Reimagine Seattle: Roxanne White

The challenges of the past year have changed the way we live, the way we work, and the way we show up for each other. They have also given us a rare chance to collectively reimagine our future. With the Reimagine Seattle Storytelling Project, we invited community members to reflect on their current experiences in Seattle, how they have been impacted by the events of 2020, and their hopes for the future of our city.

Reimagine Seattle

by Roxanne White

I am Roxanne White. I am Nez Perce, Yakama, Nooksack and Aaniiih (Gros Ventre) Nations. I want to honor our ways and acknowledge that I am a guest to this Coast Salish territory. I acknowledge that these are the ancestral homelands of the Duwamish, Suqumish, Tulalip and Muckleshoot Nations.

This year many of my own relatives tested positive for COVID-19. We are suffering great losses across Indian Country including my own Yakama Reservation. My aunt and uncle, respected elders on my reservation, died only a week apart from each other. My uncle was one of our traditional scaffold fishermen on the Nch’I Wánà (Columbia River). He fought an oppressive system to his death in a federal case to protect his fishing rights. I was told that my aunt carried much knowledge of my paternal grandmothers going back three generations, and I had always planned to learn more from her so that I could pass on our history. Losses like these have impacted my family and generations to come, but also entire nations throughout Indian Country.

archival photo of young woman on horse in full traditional Nimiipuu regalia
Roxanne’s great grandmother Rachel Broncheau-Rickman Hansen on horse in full traditional Nimiipuu regalia

Amongst the thousands who tested positive for COVID-19 were many of my relatives, including my own son, aunts, uncles, and so many more. Despite that, our resilience is demonstrated by how we come together as Indian people.

Once again, this biological warfare has taken away so many of our elders. This means, at a time in our history when our stories, our ceremonies, our ways are only connected to us by a thin string, that the string is even more tenuous. Our elders are precious; they are sacred; they are the ones who teach us how to thrive. Their loss is felt not only by individual family members, but by entire nations. We share our losses and collectively feel the deep gap in our spirits.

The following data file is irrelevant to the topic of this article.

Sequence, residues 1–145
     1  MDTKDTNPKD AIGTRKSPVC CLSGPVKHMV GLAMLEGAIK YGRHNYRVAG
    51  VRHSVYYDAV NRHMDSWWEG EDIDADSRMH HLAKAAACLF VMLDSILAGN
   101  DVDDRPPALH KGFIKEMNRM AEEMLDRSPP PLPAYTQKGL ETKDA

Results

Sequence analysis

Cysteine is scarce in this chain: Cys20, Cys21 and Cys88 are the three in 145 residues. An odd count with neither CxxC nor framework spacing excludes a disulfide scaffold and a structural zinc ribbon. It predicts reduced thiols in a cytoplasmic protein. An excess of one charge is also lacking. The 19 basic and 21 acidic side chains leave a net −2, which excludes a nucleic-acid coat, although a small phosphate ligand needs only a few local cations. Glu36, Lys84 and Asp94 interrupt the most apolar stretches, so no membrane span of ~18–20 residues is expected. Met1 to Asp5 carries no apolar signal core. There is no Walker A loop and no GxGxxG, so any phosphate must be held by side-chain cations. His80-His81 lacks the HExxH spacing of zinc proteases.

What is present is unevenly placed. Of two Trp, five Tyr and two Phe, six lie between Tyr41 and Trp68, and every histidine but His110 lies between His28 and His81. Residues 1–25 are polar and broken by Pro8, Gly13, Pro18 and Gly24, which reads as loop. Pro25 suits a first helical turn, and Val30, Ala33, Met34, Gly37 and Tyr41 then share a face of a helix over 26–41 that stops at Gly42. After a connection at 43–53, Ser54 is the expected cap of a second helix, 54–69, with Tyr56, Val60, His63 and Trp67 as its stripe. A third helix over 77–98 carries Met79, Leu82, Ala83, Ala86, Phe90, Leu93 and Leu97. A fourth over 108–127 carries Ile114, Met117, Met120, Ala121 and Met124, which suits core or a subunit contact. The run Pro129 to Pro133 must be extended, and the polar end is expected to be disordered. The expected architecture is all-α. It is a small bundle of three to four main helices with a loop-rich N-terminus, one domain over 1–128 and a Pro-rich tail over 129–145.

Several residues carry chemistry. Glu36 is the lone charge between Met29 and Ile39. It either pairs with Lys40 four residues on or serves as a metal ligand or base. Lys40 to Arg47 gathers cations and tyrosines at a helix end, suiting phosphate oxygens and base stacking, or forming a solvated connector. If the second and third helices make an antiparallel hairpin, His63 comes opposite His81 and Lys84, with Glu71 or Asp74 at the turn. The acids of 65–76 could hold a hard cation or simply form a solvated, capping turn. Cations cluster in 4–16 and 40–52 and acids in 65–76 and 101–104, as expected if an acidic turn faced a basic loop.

Since time immemorial, our people lived with the elements and the land. Through this Relationship, we have passed medicines along from one generation to the next. COVID-19 has devastated our communities, but we stand in resilience with our Ancestors.

black and white photo of young girl
Roxanne’s grandmother, Viola Broncheau Mc Joe

We do not want you to feel sorry for us. We are survivors; we are resilient. Throughout this pandemic our people continue to thrive. Many people don’t get our sense of humor, our laughter, our jokes. We have learned to take the worst of situations and find the light.

In closing, through all of this past year, I want to remember the brutal murder of George Floyd that awakened the entire world. Throughout this pandemic, 7th and 8th generation BIPOC have been on the streets fighting for justice and demanding an end to the genocide of Black, Brown, and Indigenous people. If anything, if we are to reimagine Seattle, we would have to completely start over. America would have to right its wrongs and acknowledge the Original and First peoples of this country. And America would have to reconcile and acknowledge the holocaust of Black, Brown, and Indigenous people. We can start by ending mass incarceration and school-to-prison pipelines, and defunding the police to reallocate those funds back into Black, Brown, and Indigenous communities.

Roxanne White, standing in front of Public Market sign, dressed in red with red hand painted on face
Roxanne White, standing in front of Public Market sign, with red hand painted on face representing Missing and Murdered Indigenous Women, Girls, and Two Spirit (MMIWG2)

Roxanne White is a fearless and dedicated organizer and social justice advocate who has dedicated her work to Indian Country. She is Nez Perce, Yakama, Nooksack, and A’aninin (Gros Ventre.) She is recognized nationally for her work on issues related to Missing and Murdered Indigenous People and for her work with MMIP families and communities seeking justice and healing. She is also known her work on human trafficking in Native communities. Roxanne is a grassroots organizer, standing on the front lines for Indigenous rights and environmental justice. She embodies vibrant Indigenous leadership through the resilience of culture and ceremony and a lens of historical trauma. Roxanne is a family member of MMIP, as well as a survivor of human trafficking, domestic violence, childhood abduction, and sexual abuse. She draws on her personal experience to empower and support MMIP families, survivors, and Native communities. Roxanne has been featured on HuffPost, the Canadian Broadcast Channel, CNN, Al Jazeera TV, Seattle Times, and a variety of local and national media.

Submissions for the Reimagine Seattle Storytelling Project were commissioned by the Seattle Department of Neighborhoods. The opinions expressed and information contained in each submission do not necessarily reflect the policies, plans, beliefs, conclusions, or ideas, of the City of Seattle.